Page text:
Inside the SNP and the hardcore scottish nationalist support base, the pro-Salmond faction have cast her as chief villain.
Outside the SNP and in England, the accusation was that she was too close to Salmond- often made by those who openly despise both Sturgeon&Salmond and were likely attacking the SNP for political advantage.

Within scottish nationalism, the sheer venom between the two factions is obvious.
I've have die-hard SNP friends in each faction that refuse to talk to each other any more but message me to abuse each other.
Generally using very harsh insults, words like "traitor" and repeating the same old conspiracy theory.
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Wired_1800
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(Original post by londonmyst)
It's still going on internally.
Brexit related issues are just temporarily removing the spotlight, when the trial starts there will be mayhem.
Inside the SNP and the hardcore scottish nationalist support base, the pro-Salmond faction have cast her as chief villain.
Outside the SNP and in England, the accusation was that she was too close to Salmond- often made by those who openly despise both Sturgeon&Salmond and were likely attacking the SNP for political advantage.

Within scottish nationalism, the sheer venom between the two factions is obvious.
I've have die-hard SNP friends in each faction that refuse to talk to each other any more but message me to abuse each other.
Generally using very harsh insults, words like "traitor" and repeating the same old conspiracy theory.
Oh wow, I did not know that it was this vicious. I hope both sides can put their differences behind them and support their Party.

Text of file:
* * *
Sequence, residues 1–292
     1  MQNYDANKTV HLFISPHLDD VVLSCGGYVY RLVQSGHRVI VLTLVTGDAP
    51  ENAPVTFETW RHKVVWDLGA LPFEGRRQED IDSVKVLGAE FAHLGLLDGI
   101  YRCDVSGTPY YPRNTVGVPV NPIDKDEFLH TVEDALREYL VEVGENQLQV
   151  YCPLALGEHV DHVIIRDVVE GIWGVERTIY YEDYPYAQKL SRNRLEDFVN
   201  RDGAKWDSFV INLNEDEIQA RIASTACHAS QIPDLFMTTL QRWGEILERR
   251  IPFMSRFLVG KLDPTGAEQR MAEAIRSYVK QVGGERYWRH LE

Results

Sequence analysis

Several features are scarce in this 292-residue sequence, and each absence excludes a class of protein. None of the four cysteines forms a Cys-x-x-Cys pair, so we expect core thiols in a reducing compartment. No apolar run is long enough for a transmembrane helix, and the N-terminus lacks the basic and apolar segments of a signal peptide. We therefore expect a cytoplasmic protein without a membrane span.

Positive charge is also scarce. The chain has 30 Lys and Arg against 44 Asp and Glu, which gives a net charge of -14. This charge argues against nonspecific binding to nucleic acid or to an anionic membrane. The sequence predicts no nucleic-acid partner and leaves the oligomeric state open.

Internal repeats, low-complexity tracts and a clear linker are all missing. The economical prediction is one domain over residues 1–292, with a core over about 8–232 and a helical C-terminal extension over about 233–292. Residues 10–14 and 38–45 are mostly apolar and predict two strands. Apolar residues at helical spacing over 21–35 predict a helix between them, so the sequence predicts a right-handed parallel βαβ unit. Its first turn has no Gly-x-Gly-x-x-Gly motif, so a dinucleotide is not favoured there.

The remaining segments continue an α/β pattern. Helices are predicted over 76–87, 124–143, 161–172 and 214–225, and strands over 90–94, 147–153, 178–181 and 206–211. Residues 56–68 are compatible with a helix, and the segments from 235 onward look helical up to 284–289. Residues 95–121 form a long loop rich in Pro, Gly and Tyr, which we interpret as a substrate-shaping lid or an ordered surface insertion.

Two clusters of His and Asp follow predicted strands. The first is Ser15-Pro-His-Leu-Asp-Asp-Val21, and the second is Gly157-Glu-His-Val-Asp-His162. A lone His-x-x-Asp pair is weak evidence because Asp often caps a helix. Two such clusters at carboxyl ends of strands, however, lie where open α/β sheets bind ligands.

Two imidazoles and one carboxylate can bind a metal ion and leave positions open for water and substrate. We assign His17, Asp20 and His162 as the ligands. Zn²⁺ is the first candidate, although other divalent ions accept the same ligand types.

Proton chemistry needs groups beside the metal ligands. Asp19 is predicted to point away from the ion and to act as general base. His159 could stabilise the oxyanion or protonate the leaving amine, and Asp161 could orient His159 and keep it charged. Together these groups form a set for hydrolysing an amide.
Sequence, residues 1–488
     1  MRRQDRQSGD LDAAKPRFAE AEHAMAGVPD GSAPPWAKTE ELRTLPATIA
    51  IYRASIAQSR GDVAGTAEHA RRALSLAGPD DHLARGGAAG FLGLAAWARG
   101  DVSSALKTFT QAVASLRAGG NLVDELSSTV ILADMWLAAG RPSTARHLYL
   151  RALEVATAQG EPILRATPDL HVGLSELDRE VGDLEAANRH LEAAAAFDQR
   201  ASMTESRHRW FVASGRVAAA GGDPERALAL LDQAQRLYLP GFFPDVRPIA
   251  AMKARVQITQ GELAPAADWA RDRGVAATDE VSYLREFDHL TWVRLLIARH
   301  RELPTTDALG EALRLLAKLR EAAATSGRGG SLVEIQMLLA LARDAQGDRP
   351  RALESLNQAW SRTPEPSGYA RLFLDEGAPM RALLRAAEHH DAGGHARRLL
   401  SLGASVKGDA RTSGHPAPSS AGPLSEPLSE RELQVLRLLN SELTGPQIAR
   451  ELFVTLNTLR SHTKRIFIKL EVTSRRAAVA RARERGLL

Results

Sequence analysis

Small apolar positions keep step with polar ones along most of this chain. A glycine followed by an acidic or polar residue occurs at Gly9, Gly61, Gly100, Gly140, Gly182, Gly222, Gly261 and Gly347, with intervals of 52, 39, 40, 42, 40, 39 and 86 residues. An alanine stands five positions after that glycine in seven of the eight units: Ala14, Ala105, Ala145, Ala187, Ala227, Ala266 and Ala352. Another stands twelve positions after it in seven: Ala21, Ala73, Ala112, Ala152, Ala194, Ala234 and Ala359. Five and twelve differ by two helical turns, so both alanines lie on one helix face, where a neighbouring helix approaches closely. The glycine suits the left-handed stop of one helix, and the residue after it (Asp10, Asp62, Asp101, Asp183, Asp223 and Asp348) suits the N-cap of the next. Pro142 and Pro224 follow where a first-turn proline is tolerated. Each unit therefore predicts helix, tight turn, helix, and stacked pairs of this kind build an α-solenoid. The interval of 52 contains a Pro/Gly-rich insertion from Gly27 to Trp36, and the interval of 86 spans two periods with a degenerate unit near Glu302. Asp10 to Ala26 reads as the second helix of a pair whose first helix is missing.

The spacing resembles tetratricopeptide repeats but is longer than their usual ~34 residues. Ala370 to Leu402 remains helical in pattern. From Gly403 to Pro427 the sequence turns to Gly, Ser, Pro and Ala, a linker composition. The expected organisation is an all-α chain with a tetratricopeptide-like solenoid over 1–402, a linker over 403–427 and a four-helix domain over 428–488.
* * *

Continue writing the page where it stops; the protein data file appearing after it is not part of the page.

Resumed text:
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L i b
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I have little doubt that he'll be better than Theresa May, but that's not exactly a high bar.

One problem is that he's painted himself into quite a few corners before he's even started, particularly over Brexit.
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L i b
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(Original post by Wired_1800)
I thought people accused Sturgeon for being too close to the Salmond inquiry? It seemed that she was pro-Salmond, unless she hid her savagery really well.

My personal view was that there was a bid to destroy Salmond. There was a very quick and vicious attack of Salmond for a very short period. When it was discovered that he had raised a lot of money to defend himself in court, the attacks quickly simmered off because he was protected.

I remember there were calls for him to return the money raised or the platform to ban him. They knew he would be stronger, if he had the resources. This became evident when everything quickly died off.
Alex Salmond was Nicola Sturgeon's mentor. However, he clearly sought to maintain influence after he stood down as SNP leader, which undermined her authority over the party. The sexual assault allegations made it worse - she clearly found his behaviour in response to that distasteful (as I'd imagine almost any reasonable person would), and he saw an opportunity to grasp back control from an indecisive and ailing First Minister who had replaced him.